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Keeping the Tension On (Part 1)

Finishing strong to give drycleaning customers high-quality results

CHICAGO — For dry cleaners looking to save both time and labor costs while increasing the quality of their finished products, tensioning machines are a type of equipment that can check all the boxes. And, as consumer fabric choices and labor conditions have evolved, these machines have advanced as well, keeping pace in the pursuit of meeting customer needs. 

Tensioning machines get their name from the tension they use to stretch garments over a form or frame, and then use steam and heat to remove wrinkles and creases. They then cool down and, in some cases, use a vacuum system to remove excess moisture from the garment. The result is a finished garment that is dry, wrinkle- and crease-free, and ready for the consumer. 

“These machines allow an operator to finish a piece quickly, eliminating the need to hand-press the entire garment,” says Mike Tungesvick, national sales manager for equipment manufacturer Sankosha USA. “It speeds up production and allows fewer hands to be needed. The quicker you can get done, the quicker you can shut your boiler off and keep your labor costs in check.”

Their ease of use and how quickly employees are able to get up to speed on operating them has only added to their value, says Yuriko Tanabe, vice president of European Finishing Equipment Corp./Hi-Steam, based in Secaucus, New Jersey.

“Tensioning machines achieve a high-quality result with less time, less labor and lower energy consumption,” she says, “whether you are a high-end or an economy-priced cleaner. It’s great for everybody.”

“On the labor side, less-experienced operators and finishers are driving the engineering changes,” says Jim Groshans, sales manager for Unipress Corp., headquartered in Tampa, Florida. With the help of tensioning equipment, operators can provide superior outcomes, “and may even be able to complete the job a bit faster.”

Today’s Machines

Programmable digital controls that allow real-time data for performance and process, better adjustable forms, improved materials, and increased safety features all work to make sure today’s tensioning machines provide the desired results, Tanabe says. And, since the machines are easier to use, it gives owners and managers more options when it comes to who will run them. 

“The machines are easy to learn how to use,” she says, “so cleaners can hire unskilled labor to run them, which is nice, especially in these days of labor shortages. You don’t need someone who has 20 years of experience. You can take someone off the street and teach them how to use them.”

“What’s really evolved is trying to make the equipment easier for the operator,” Groshans says. “Things like rotating carriages for upper garments are key because it makes loading a lot easier. It makes using the equipment more user-friendly and still puts out a very good quality of product and fabric choice for the consumer. No-crease pants, for example, are perfect for a tensioning topper where, after the cycle, you can just place the pair of pants on a hanger and skip the press all together.”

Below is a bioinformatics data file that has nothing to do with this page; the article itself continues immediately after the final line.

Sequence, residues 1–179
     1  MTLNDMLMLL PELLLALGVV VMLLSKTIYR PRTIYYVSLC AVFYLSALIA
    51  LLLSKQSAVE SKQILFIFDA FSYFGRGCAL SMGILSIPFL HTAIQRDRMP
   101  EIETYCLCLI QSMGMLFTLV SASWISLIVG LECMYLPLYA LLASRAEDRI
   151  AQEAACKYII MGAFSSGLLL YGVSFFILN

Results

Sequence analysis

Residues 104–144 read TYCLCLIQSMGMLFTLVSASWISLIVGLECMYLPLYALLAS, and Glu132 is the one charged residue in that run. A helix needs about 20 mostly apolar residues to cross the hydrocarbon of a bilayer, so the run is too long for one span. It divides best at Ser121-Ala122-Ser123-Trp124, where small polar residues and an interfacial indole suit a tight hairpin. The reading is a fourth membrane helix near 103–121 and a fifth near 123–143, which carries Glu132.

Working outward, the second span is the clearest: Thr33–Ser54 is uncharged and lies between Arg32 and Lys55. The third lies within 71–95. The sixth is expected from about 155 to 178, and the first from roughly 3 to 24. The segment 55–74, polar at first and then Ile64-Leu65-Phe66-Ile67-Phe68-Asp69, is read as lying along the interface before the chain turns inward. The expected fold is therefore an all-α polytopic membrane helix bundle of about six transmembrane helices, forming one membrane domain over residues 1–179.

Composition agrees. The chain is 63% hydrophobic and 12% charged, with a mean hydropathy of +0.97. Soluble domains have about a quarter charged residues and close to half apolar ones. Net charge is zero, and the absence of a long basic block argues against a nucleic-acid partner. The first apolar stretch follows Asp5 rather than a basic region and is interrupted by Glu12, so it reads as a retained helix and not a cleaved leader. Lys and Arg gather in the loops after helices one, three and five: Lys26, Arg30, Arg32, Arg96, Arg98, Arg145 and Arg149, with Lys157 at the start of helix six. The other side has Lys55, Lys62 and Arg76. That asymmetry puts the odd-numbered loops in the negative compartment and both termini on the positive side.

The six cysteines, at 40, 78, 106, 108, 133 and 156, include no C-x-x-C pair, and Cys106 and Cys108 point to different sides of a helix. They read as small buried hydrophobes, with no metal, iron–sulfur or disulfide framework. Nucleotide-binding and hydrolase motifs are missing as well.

Today’s machines are also friendlier to the environment — and to their operators.

“Programming is allowing the machines to cut steam consumption by 25%,” Tanabe says. “It uses less heat, which makes for a more comfortable atmosphere for the workers and is more energy-efficient. People should pay attention to the environment.”

Times for Tension 

For most garments, Tanabe says, tensioning equipment should be the go-to machine for cleaners. 

“You can do almost everything on a tensioning machine — all types of fabrics with today’s casual clothing,” she says. “The finish you get from tensioning machines is ideal. They can restore the garment to its original shape and allows it to move with the body.”

“Medium-finished garments are perfect for tension equipment,” Groshans says. “This type of garment includes some of your blends — cotton, wool or polyester — and they do really well with tensioning steam and drying.” 

He goes on to say, however, that tensioning isn’t the best tool to use for everything that comes across the front counter.

“For shirts or tablecloths that need pressing — what we call ‘hard-finish’ items — you need high temperature, high pressure and extended pressing times,” he says. “Soft-finish items — things that are very delicate — need just steam or heat, and maybe limited vacuum or limited air. Those do not work well on tension equipment. You also need to avoid any fabric blends that stretch, such as spandex and all the related cousins, like Lycra and elastane. Once those expand, they never come back.”

Come back Thursday for Part 2 of this series, when we’ll look at the tensioner’s place in the plant and what it takes to train workers to use it to its fullest.

Keeping the Tension On

Modern tensioning machines can help drycleaning plants cut the pressing process out when dealing with many types of garments, providing a dry, wrinkle- and crease-free product for customers. (Photo: Sankosha USA)

Have a question or comment? E-mail our editor Dave Davis at [email protected].